As someone who has been self-employed for twelve years, I’ve known just how dark it can get when you’re running a business on your own with very little support. The days when you can’t get out of bed because you don’t know what to do next with your business, the empty bank account that won’t afford you your next meal and the overwhelming pressure to make your next marketing campaign work. It doesn’t take much to feel exhausted and with nowhere to run.
I know I am not alone in this.
When I run my Expert Economy introduction sessions, everyone nods their head in agreement when I point out the harsh realities of the life we have chosen. Although we can choose our own hours and opt to take the day off when we need to, few of us actually do.
And few of us realise just how compromised we are and how at risk our mental health is.
It wasn’t until two months ago when I interviewed Poppy Jaman OBE, co-founder of City Mental Health Alliance and Mental Health First Aid England to write her LinkedIn profile, that I actually realised that throughout all these years, during my darkest times, it was my mental health that was compromised.
Honestly, I just thought I was failing. A conclusion that compounded my feeling of inadequacy and continued to not only compromise me further but worse, would lead me to make decisions about myself and what I am capable of, and ultimate shape my identity. Something that is probably the most precious assets we have since from it we create our external world. Our identify forms the basis of whom we think we are and whom we think we are in the world, and therefore what we believe we can achieve.
For many of us, as solo-entrepreneurs, we suffer alone.
We’re likely working from home. We’re probably the only person in our family taking this brave step into the unknown. We’ve left full-time jobs to pursue a business selling our expertise independently with the promise that we’ll be controlling our own destinies and earning more money than if we’re working for someone else.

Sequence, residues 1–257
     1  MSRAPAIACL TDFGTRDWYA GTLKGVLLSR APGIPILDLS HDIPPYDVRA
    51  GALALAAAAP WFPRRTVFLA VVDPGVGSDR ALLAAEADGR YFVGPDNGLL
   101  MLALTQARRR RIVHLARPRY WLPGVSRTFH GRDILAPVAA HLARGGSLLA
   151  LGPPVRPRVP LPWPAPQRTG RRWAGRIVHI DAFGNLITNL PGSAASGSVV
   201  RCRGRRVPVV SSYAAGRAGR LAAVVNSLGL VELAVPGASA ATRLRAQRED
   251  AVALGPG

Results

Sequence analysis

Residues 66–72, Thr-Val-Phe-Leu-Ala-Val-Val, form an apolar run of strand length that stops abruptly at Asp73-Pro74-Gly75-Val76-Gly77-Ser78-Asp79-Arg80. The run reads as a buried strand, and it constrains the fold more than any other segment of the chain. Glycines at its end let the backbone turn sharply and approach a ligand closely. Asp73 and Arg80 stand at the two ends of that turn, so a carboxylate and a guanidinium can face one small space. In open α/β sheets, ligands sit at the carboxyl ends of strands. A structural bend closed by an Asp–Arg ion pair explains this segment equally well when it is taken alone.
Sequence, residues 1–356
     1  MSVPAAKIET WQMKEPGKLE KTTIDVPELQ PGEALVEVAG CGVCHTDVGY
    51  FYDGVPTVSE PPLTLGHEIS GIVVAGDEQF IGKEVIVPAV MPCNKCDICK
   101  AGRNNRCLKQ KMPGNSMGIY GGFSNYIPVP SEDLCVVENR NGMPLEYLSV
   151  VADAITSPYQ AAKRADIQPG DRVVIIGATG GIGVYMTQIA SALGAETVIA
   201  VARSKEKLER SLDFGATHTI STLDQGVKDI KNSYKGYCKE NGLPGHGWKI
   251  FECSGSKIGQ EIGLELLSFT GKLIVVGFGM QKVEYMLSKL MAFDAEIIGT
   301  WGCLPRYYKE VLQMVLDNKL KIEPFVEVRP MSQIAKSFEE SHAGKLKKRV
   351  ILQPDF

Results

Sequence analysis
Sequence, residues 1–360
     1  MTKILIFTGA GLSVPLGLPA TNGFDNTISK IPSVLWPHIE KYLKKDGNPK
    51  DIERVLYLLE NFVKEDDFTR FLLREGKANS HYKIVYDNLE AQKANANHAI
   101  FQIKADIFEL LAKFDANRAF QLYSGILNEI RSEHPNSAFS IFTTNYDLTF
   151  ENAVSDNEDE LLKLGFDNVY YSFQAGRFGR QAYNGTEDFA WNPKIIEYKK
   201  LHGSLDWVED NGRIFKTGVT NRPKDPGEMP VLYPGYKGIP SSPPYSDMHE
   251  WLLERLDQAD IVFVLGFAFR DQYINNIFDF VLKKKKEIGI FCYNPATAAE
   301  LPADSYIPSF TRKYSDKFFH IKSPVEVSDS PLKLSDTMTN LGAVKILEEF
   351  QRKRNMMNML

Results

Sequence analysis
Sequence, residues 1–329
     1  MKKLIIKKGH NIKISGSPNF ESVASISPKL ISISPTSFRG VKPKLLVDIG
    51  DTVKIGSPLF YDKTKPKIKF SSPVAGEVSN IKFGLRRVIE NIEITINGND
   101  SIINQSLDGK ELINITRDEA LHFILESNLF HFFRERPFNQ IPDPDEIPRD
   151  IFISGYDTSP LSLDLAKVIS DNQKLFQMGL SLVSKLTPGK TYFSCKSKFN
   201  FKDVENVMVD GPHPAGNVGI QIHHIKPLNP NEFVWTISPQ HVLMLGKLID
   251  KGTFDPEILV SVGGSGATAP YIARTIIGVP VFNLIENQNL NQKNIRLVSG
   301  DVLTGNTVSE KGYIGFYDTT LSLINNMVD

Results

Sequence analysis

No one sees us. No one is there to encourage us in the simple things and reflect back what we’re doing well when we feel like we’ve failed. We have no choice but to become our own cheerleader and rally ourselves along. Something that is a habit many of us will spend years learning to do.
There is also no one there when our mind starts to go to a dark place. When our thoughts begin to spiral into self-destruction or when we start behaving as the worlds worst boss.
One day during my first year in business I caught a glimpse at my self-talk and was so shocked I burst into tears. I was putting myself under continual pressure to succeed, I chastised myself over every little detail with very little grace, and I continually compared my early beginnings to others on the super-stage. In fact, I was so nasty to myself that I wasn’t just the world’s worse boss, I was an abusive boss – to myself.
“I am so stupid. I am such an idiot. Why did I do that?” I heard my friend whom I share an office with exclaim a few months ago. “Excuse me?” I said turning my head in her direction “Girl you wouldn’t speak to your children that way, so don’t you dare speak to yourself that way!” Often we don’t even realise we’re doing it.
Many things can spark this self-talk from losing a critical sale to miscalculating your tax bill, to a client not being thrilled with our service. Without the right support, it can take years to build the reliance you need to keep yourself on track no matter the knocks.
And, no matter how big the knock or how much you want to run, the reality is you have to keep going. You have no choice. Your rent is due. You’ve promised to deliver that piece of work. Your reputation is at stake, and you need that next piece of work to cover your car payment. You’ve told everyone you’re building this business and you can’t back out now.
Giving up doesn’t feel like an option.
In my first book Grassroots to Green Shoots, I detail the lessons I learned during my first two and half years in business, which ended in dramatically in 2008 on the same day Lehman Brothers went down. Nine miles from Canary Wharf in London, I too was having my own financial meltdown in Putney. Only mine was entirely my own making and had nothing to do with the economy.
At the time my mental health was very bad. Only I didn’t know to call it that. The Doctor had signed me off work but what did that actually mean? There was no one to give a doctors note too, and there was no sick pay to claim.
I had Key Man insurance, and an evaluator travelled a halfway across the country to assess my condition, but I felt like a fake as I sat with her in my living room and told her I felt unhappy and didn’t feel like working.